InterviewsLabel Interviews

Minor Label: an interview with Thomas Wiedemann

“when all genres already smelt odd, minor started to track and support the worst of all: electronic underground minor logo music, and called it “noiz” to avoid discussions. tracker music was never regarded as cheap or louzy, it was style, it was a sub-culture.
the first release was a split 12″ vinyl release featuring rough, noiseful and uneasy tracker-rhythmcore setting goals and standarts. 100% FT2, done on MSDOS with P100 and P166. releasing many noise, trackercore, ambient & rmx dilemmas on cdr and tape in the following years, supporting friends, musically brilliant lazybones and bigstar wannabes, confirming releases, reserving numbers and never got them released, the 2nd split, an unexpected 7inch vinyl, followed almost 5 years later. its time was 2006. finally.
to relieve minor from the rough’n’dirty d-i-y-trashcore subculture-touch flopbeatdisks was launched in 2005 for trash’n’core, tracker-nostalgia and cyberpunk.
minor’s still electric.”
— from the Minor Label website

Minor Label1 – How and why did you come about starting Minor?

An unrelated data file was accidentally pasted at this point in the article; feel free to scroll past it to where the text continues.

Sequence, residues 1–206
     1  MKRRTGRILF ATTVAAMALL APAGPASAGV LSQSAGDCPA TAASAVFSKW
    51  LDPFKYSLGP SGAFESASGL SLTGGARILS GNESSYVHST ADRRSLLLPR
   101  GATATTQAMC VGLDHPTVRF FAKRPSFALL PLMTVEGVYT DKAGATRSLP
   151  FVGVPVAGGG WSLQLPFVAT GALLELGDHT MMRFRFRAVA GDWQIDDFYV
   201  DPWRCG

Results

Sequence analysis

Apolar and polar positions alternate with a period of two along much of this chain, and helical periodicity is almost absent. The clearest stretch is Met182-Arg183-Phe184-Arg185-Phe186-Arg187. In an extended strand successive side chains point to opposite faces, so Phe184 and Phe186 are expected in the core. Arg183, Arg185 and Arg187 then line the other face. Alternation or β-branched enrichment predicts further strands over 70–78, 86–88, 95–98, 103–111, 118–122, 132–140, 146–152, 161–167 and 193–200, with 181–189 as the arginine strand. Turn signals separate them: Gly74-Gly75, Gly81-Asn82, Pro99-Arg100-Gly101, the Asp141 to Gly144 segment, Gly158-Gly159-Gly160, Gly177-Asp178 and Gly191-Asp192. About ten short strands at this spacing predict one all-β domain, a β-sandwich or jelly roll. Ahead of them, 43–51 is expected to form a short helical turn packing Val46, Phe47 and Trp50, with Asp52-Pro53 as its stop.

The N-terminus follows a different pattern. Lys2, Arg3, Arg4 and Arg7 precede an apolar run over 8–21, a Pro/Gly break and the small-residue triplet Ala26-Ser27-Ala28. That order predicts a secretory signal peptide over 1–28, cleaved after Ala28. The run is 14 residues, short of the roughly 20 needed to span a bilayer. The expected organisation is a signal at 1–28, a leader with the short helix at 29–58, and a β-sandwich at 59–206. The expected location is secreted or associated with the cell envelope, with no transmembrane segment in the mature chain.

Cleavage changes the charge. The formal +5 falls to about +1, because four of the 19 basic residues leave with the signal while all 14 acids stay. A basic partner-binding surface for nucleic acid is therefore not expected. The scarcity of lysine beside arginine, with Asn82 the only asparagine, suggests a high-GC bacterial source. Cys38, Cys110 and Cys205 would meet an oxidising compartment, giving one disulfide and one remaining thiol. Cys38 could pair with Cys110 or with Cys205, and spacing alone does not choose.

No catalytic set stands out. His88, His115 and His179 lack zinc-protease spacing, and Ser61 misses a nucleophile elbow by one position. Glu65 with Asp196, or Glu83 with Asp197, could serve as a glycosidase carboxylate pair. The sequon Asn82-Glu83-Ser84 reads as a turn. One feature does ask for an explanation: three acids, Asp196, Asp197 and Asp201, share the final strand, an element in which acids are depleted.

There was no concrete plan or concept to do so, in a certain way it just happened. I grew up in a small town in the countryside so it was hard to get music and to find clubs and events to go to, and it was very difficult to find people to join the ride as the majority was into mainstream stuff and mass media hypes for thousands of people. So my major influence was the stuff that was in the special features of music television from 94 to 99. With all the styles I listened to I mostly ended up with the underground and the more rough or abstract stuff as it was more interesting for me. Music that everybody was into annoyed me, I abolished radio in my room and stayed with my tapes and CDs. As I didn’t feel comfortable with only staying at home I got into contact with “handmade” music as punk/metal/hc was more present in our area. I loved that these scenes had a vivid street life, a meaning and gave something to people, something most (mainstream) electronic music lacks. So I visited lot’s of lousy punk concerts (not enjoying many of them, but felt home there) and started to copy the electronic music that I loved and still love with tracker software on an old commodore. Almost all my friends were busy in some bands back then, everybody was busy in trying to make some music, so I did too. Some of them were already making records of their music from their own money, as it was common in the punk sector to make the whole business in d-i-y (do-it-yourself).